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Title: A constructive, conceptual analytical review of the Community of Inquiry Framework
Author: Peacock, Susi
ISNI:       0000 0004 5367 499X
Awarding Body: University of Stirling
Current Institution: University of Stirling
Date of Award: 2015
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This thesis comprises a critical review and suggestions for enhancement of the Community of Inquiry Framework (CoIF), the frequently cited model of collaborative community-based online learning. It combines a systematic engagement of relevant literature and research, with the application of the CoIF thinking to six of my peer-reviewed publications. Although not initially conceived as forming part of a doctorate submission, these publications are drawn upon throughout this narrative, to assist my interrogation of the CoIF. They are also used to provide evidence of my continuing journey as an education researcher. This thesis is therefore not an exegesis – a traditional meta-narrative encompassing this candidate’s publications. It moves beyond my findings in the publications to create and present supplementary concepts, and develop pointed guidance about using the Framework in supporting online learning in tertiary education. My review first critically interrogates the three constituent elements or Presences of the CoIF. Social presence emerges as a highly complex and multi-faceted construct, in which the de-emphasising of the affective in the CoIF seems at variance with current research reporting the strong student emotional response to working online, and particularly in collaborative, community-based groupings. Then, in Cognitive presence, there has been little consideration of, and specificity about, reflection in the CoIF. My critique proposes that reflection and critical thinking are distinct but inter-related concepts; both of which need to be addressed. Teaching presence is renamed ‘Tutoring presence’ informed by my review based upon my emergent understandings of student-centred learning. Two enhancements to the CoIF are then proposed, together with the rationale for establishment of a Tutors’ Network. The first enhancement, referred to as 'the Influences,’ unites and enriches the individual Presences. The second argues for the existence and use of a personal learning retreat at the heart of a community of inquiry, addressing a perceived omission in the CoIF. This learner ‘space’ provides a ‘quiet, safe place’ for the private (internal) world of the learner, as a foil to the shared collaborative space in the CoIF (the external world). Finally, a Tutors’ Network is outlined as a vehicle for advancing their understandings and knowledge of online, collaborative, community-based learning in general, and in particular of communities of inquiry. This should develop the abilities of online tutors, improve their learners’ educational experiences and encourage research and scholarship into the CoIF.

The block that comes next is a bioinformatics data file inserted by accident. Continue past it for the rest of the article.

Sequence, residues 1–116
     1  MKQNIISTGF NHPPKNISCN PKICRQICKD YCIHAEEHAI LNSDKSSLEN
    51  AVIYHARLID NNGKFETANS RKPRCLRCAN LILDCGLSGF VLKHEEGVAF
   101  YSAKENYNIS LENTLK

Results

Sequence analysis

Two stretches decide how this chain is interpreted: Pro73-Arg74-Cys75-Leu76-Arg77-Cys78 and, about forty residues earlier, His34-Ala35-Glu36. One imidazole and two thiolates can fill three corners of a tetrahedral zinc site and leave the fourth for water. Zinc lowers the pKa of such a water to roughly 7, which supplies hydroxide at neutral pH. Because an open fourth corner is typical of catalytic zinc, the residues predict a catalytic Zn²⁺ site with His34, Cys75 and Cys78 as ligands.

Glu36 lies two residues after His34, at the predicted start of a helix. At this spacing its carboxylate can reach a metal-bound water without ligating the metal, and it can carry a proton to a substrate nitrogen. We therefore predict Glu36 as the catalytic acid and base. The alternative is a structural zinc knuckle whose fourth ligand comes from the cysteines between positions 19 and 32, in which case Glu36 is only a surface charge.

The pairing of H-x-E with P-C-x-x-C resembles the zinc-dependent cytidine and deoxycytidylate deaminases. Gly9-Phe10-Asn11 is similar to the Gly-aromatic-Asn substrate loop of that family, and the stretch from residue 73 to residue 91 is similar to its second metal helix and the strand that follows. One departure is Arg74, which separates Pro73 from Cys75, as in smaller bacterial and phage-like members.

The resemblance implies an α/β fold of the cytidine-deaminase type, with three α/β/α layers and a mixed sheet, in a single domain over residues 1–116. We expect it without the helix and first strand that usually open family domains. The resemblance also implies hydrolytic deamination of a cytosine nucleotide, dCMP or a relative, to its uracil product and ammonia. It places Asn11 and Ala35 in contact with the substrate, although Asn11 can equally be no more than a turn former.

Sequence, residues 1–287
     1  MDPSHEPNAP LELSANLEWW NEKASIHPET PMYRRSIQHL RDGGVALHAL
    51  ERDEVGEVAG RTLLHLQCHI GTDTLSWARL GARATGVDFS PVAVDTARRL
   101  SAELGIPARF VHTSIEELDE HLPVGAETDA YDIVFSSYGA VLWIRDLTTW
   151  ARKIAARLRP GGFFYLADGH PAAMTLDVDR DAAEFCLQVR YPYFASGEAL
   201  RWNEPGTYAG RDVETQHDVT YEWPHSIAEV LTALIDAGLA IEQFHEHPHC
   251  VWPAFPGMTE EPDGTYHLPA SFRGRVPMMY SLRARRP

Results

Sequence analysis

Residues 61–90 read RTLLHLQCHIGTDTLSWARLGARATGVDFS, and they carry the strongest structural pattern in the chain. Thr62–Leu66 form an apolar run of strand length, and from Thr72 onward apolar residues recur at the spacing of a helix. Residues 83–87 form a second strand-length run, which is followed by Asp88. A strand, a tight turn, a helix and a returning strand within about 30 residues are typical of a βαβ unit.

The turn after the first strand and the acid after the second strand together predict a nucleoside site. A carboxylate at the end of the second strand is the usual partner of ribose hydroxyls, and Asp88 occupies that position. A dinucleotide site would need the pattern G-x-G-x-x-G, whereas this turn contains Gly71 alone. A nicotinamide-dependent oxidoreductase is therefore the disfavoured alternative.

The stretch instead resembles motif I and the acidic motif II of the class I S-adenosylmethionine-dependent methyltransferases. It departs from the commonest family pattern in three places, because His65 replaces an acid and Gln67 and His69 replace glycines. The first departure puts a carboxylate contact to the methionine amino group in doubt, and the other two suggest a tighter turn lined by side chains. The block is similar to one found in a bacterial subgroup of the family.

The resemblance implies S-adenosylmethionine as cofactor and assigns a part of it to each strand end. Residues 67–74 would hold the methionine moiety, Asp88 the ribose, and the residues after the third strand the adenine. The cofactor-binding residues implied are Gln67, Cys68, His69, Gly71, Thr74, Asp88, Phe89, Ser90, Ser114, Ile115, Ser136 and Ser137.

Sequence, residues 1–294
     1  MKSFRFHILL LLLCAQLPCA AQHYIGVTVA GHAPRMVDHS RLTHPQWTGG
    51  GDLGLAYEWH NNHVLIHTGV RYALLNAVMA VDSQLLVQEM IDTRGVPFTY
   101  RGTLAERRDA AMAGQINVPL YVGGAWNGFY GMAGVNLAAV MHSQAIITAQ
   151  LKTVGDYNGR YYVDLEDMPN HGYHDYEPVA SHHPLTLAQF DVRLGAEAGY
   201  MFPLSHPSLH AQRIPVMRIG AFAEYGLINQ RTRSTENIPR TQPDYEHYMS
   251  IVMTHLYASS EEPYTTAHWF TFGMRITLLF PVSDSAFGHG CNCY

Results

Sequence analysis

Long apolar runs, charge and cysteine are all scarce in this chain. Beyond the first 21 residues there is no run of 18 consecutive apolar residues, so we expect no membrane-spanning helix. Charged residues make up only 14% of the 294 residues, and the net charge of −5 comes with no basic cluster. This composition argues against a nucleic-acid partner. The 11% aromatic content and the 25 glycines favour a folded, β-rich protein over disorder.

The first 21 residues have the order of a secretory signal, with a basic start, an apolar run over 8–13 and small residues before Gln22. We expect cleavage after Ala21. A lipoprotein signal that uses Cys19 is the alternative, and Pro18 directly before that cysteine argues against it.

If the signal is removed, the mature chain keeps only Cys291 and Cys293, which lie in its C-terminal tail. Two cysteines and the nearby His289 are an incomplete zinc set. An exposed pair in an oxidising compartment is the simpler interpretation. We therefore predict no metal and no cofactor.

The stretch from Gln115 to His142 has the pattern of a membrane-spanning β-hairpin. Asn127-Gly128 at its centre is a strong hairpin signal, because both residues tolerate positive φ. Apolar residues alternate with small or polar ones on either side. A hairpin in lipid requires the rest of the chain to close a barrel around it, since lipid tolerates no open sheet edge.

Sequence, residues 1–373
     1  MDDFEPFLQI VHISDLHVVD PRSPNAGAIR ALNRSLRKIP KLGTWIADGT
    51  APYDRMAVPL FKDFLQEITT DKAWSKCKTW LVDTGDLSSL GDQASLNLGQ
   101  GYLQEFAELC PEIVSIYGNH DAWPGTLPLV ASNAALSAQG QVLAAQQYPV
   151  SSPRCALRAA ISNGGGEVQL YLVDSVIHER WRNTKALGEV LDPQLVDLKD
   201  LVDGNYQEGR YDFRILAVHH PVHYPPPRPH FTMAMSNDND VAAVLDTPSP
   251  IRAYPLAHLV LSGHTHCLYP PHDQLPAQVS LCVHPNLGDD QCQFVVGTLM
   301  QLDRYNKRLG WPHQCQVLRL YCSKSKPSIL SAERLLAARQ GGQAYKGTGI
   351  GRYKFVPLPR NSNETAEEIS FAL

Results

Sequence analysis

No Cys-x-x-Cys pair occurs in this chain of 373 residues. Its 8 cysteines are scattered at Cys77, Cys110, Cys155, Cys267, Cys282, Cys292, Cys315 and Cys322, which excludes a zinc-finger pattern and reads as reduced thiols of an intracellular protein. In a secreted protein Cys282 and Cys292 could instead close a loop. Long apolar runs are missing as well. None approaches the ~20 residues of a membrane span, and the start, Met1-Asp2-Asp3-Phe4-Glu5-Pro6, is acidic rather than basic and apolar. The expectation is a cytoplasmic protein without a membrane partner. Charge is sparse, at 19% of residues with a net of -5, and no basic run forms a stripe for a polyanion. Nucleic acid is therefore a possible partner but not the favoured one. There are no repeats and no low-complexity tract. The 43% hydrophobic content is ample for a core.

Supervisor: Brosnan, Kevin; Field, John Sponsor: Not available
Qualification Name: Thesis (Ph.D.) Qualification Level: Doctoral
EThOS ID:  DOI: Not available
Keywords: online learning ; community of inquiry ; social presence ; cognitive presence ; teaching presence ; emotion ; reflection ; critical thinking ; student-centred learning ; PhD by publication ; intermental ; intramental ; Community learning ; Adult learning--Social aspects ; Internet in higher education ; Teacher-student relationships